A middle-aged woman was pushing a shopping cart through a parking lot when a car backed into her cart and knocked her to the ground. According to reports, several shoppers went to help her get up and pick up the items that had fallen on the asphalt.
One of the shoppers was reported to be Corey Newkirk. Newkirk allegedly picked up and pocketed her license, multiple credit cards, and cash from the disarrayed items on the ground. He then allegedly hopped into his friend, Toria Fuller's vehicle, and the two left the parking lot.
Rockdale County authorities tracked both Newkirk and Fuller down and arrested them with the help of bystanders identifying who they believe stole from the injured woman's purse.
Newkirk has been charged with theft by taking, and Fuller has been charged with obstruction in Georgia.
As a Georgia Criminal Defense Lawyer, I'd like to focus today's post on the multitude of laws behind theft in Georgia.
Theft in Georgia
When most people think about the offense of theft, they don't know that there are actually many types of theft. The state of Georgia provides delineations of different types of theft in the Georgia Code.
The Georgia Code defines the following different types of thefts:
- Theft by Receiving in Georgia
- Theft by Taking in Georgia
- Theft by Conversion in Georgia
- Theft by Extortion in Georgia
- Theft by Deception in Georgia
There are other types of theft as well. The ones mentioned above are the most common.
Theft by Taking in Georgia
Theft by taking in Georgia is also known as larceny in other states. Theft by taking is simply the taking of anything valuable with the intent to deprive the owner.
Theft by taking is the most common type of theft in Georgia. The Georgia Code defines theft by taking in Georgia as:
When a person unlawfully takes or being in lawful possession thief unlawfully appropriates any property of another with the intention of depriving him of the property, regardless of the manner in which property is taken or appropriated. O.C.G.A. §16-8-2.
Interpretation by Georgia Courts
Georgia Courts define the property of another as any property that belongs to a person other than the accused person. Theft by taking is impossible if you have some type of ownership or claim in the property.
Georgia Courts also determine the intention of depriving someone of their property in two distinct ways:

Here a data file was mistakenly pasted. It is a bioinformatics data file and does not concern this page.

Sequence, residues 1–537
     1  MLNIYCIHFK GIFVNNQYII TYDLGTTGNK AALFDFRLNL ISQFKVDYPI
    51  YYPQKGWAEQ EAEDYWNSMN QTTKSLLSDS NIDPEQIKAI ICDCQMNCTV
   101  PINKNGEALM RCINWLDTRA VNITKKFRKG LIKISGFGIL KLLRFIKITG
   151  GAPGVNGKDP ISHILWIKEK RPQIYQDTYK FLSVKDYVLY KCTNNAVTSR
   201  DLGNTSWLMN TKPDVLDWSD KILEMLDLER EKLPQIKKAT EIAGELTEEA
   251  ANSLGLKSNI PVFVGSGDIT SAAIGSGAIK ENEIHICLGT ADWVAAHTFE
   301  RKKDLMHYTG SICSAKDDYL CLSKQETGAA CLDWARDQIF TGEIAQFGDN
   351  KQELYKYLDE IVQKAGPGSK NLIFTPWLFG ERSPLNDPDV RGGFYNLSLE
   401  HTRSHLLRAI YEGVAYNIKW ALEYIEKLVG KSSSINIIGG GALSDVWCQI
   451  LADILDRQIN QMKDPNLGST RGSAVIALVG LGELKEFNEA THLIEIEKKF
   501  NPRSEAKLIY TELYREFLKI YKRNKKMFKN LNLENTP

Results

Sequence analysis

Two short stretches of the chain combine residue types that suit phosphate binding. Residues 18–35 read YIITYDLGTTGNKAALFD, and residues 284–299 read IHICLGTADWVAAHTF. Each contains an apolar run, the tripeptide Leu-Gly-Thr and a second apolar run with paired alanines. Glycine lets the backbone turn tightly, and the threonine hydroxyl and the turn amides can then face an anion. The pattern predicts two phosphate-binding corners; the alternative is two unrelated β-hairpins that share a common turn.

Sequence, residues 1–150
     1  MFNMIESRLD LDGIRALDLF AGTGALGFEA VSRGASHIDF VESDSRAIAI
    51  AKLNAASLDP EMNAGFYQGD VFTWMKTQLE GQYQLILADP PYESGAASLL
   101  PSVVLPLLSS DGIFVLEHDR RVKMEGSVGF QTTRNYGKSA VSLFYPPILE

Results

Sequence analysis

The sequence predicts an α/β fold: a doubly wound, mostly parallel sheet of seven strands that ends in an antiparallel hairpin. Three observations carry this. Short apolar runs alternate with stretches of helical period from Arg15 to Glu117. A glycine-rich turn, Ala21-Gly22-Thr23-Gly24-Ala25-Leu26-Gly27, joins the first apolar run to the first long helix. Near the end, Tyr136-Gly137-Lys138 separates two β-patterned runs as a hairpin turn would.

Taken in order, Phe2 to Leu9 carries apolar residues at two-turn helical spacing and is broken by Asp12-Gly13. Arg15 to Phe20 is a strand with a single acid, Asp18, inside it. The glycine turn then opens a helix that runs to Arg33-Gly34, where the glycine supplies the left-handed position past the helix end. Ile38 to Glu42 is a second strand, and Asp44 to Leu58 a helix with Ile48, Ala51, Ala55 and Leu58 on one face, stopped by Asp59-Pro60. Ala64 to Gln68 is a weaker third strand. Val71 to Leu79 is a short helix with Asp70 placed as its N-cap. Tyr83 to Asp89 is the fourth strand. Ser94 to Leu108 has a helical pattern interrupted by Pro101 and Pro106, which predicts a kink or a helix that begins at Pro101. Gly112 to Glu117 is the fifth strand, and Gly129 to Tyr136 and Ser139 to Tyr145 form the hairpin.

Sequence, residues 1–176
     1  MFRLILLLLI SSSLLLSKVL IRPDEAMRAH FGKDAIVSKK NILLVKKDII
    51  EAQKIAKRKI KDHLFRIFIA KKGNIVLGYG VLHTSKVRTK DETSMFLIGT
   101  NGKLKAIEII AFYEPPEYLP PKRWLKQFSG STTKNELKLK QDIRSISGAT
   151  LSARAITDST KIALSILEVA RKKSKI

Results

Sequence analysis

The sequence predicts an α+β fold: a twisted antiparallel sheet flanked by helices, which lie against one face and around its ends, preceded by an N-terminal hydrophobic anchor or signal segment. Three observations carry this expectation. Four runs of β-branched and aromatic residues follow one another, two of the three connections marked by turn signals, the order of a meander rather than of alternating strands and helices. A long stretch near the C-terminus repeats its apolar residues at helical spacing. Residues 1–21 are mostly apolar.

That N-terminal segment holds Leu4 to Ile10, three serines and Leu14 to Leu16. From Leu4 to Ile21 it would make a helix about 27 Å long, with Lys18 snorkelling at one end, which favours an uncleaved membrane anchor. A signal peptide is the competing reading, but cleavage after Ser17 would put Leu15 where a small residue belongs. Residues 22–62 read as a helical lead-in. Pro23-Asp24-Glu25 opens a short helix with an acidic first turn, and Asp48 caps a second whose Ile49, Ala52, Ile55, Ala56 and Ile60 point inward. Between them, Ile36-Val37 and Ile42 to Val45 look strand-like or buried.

- To withhold property temporarily or permanently.
- To dispose of the property to make it unlikely of it's recovery by the owner.
Penalty for Theft by Taking Conviction
Theft by taking in Georgia can be considered either a felony or a misdemeanor.
Theft by taking will be considered a misdemeanor when the property is worth less than $500. The punishment can include a fine up to $1,000 and up to 12 months in jail.
Theft by taking will be considered a felony no matter what in the following scenarios:
- Theft of government/bank property by an employee
- Theft of a gravesite/cemetery decoration
- Theft of a motor vehicle/part of a motor vehicle worth more than $1,000.
The punishment for a felony charge includes a prison sentence of one to ten years.
Moreover, theft by taking will be considered a felony when the property is worth more than $500. But in certain situations, a judge can use his or her discretion to consider the crime a misdemeanor.
Further Penalty for Theft by Taking
The offense of theft by taking can also include a civil action from the victim of the theft if the victim decides to sue for damages. These damages could include the value of the property, any other losses resulting from the theft, liquidated damages amounting to twice the value of the loss from the theft, or any costs resulting from bringing suit.
If you or a loved one has been charged with a crime in Georgia, contact a Georgia Criminal Defense Attorney today. We will walk you through each step of the way and make sure you know what's happening with your case.